Santa Clause, that fictional character of Christmas cheer, summed up the true basis of morality: be good for goodness’ sake.
(1) The Declaration of Independence
are created equal, that they are endowed
There has been much talk from the political right about makers and takers. Let us take a closer look at these terms.
Here is how the Merriam-Webster dictionary defines these terms:
- to bring into being by forming, shaping, or altering material : fashion
- to lay out and construct
- to put together from components
- to assemble to
- repare, fix
- one that makes
- to get into one’s hands or into one’s possession, power, or control
- to transfer into one’s own keeping
- to obtain or secure for use
- to obtain possession
- one who takes
American workers make things. Lots of things.
- physical things like cars, buildings, roads, clothes, etc.
- productive, non-physical things like spreadsheets, reports, financial forecasts, sales, ideas, computer code and applications.
- intangible services, like customer service, technical support, mechanical repairs, maintenance of equipment, processes, and workflow.
As for the job creators:
- they take the fruit of the workers.
- profits from sale or use of the cars, buildings, roads, clothing, etc.
- profits that are maintained by the rest of the above mentioned services and productivity by American workers.
For the American worker, for their hard work, the work of their hands, brains, and ingenuity, they get:
- one to two weeks vacation a year (often after a year or more with the company)
- health insurance and a retirement package, if they are lucky enough to be working a full time schedule (many aren’t)
- five paid sick days a year, if they are lucky enough. Many get none.
- unpaid maternity leave (which many can’t afford due to lose of income)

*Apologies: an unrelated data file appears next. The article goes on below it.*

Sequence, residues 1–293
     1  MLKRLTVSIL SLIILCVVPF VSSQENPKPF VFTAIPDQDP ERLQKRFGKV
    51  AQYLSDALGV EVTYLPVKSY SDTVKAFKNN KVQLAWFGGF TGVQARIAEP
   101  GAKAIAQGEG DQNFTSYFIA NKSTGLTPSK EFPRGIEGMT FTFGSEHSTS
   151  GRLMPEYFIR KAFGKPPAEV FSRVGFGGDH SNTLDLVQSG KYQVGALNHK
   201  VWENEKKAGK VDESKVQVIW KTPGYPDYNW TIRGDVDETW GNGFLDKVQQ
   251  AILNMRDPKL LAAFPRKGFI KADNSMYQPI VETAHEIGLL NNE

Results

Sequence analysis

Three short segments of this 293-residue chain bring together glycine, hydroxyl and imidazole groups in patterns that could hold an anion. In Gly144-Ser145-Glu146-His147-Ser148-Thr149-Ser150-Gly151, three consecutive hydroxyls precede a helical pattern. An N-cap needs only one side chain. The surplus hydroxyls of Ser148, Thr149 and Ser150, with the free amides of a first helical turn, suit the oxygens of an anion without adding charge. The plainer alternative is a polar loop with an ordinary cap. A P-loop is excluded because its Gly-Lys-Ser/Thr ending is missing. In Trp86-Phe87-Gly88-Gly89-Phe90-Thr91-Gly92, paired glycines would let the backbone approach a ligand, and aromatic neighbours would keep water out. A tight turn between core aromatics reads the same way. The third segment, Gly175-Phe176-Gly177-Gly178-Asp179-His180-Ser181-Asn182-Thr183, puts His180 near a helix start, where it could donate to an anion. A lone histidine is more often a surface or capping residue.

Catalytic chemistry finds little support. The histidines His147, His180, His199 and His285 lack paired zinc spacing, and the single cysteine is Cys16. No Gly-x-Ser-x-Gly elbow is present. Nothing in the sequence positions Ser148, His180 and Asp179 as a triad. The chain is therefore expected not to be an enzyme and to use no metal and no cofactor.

- twelve weeks of unpaid leave (which many can’t afford due to lose of income)
- a wage that they may or may not be able support themselves and a family on, if they are lucky (many must work two or more jobs to make ends meet)
- a safe working environment, assuming their employer is following the law (laws that were put in place because unions fought for them)
It is time to correctly define our political terms. The real makers are the people who make everything that make profits for the real takers: the “job creators”.
The makers are the American workers.
The takers are the owners, CEOs, VPs, stock holders of the companies where the makers work.
It would seem, looking at things in this context that the takers take home much more of the fruits of the labor of the makers than the makers themselves could ever hope to.
We pride ourselves on being a nation that built its self up from nothing to the most powerful nation in the world. But all of the real work; the hands that produced the materials; built the homes and great works of architecture; did the research that led to amazing technological advances; the men and women who fought and died in our wars, they made everything we see around us.
The American workers are, and always have been, the true makers, while the real takers have lived high on the hog of the fruits of their labors.
I haven’t been posting much here lately. I literally have dozens of writing ideas stashed away in my blog research notebook, but I just haven’t been able to get anything written.
The main reason is that I lost my job a little over two months ago. We’ve been lucky so far in that we have some financial resources that we have been able to draw on to keep us afloat, but these are quickly running out. Unemployment barley pays the bills and will leave nothing left over if that is the only thing we have to live on. Food stamps help, but $100 a month is hardly enough to feed a family of four.
I suffer from Bi-polar II and depression. I take medication for it. Still, the depression has been acute and this makes it very hard to concentrate, so writing anything of substance is difficult.
I’ve been using what little concentration I have to concentrate on finding a new job. The medication I take at least gives me enough stability to do that. I’ve had several interviews that didn’t pan out, and I have three more companies who want to interview me, but the Holidays put that off. Next week will hopefully see a lot of movement on the jobs front.